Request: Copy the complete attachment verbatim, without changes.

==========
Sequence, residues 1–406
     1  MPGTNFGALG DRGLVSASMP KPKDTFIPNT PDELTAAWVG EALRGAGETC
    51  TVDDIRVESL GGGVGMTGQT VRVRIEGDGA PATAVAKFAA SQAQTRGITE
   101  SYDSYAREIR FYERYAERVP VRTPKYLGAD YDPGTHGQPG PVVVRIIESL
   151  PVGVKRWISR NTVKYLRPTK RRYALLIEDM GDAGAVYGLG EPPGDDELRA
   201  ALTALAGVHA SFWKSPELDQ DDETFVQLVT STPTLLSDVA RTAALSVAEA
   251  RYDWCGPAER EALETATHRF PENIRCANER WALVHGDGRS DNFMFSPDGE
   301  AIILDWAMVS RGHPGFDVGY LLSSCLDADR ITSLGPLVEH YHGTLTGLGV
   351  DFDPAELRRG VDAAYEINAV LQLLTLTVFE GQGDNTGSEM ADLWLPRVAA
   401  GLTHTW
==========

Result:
Sequence, residues 1–406
     1  MPGTNFGALG DRGLVSASMP KPKDTFIPNT PDELTAAWVG EALRGAGETC
    51  TVDDIRVESL GGGVGMTGQT VRVRIEGDGA PATAVAKFAA SQAQTRGITE
   101  SYDSYAREIR FYERYAERVP VRTPKYLGAD YDPGTHGQPG PVVVRIIESL
   151  PVGVKRWISR NTVKYLRPTK RRYALLIEDM GDAGAVYGLG EPPGDDELRA
   201  ALTALAGVHA SFWKSPELDQ DDETFVQLVT STPTLLSDVA RTAALSVAEA
   251  RYDWCGPAER EALETATHRF PENIRCANER WALVHGDGRS DNFMFSPDGE
   301  AIILDWAMVS RGHPGFDVGY LLSSCLDADR ITSLGPLVEH YHGTLTGLGV
   351  DFDPAELRRG VDAAYEINAV LQLLTLTVFE GQGDNTGSEM ADLWLPRVAA
   401  GLTHTW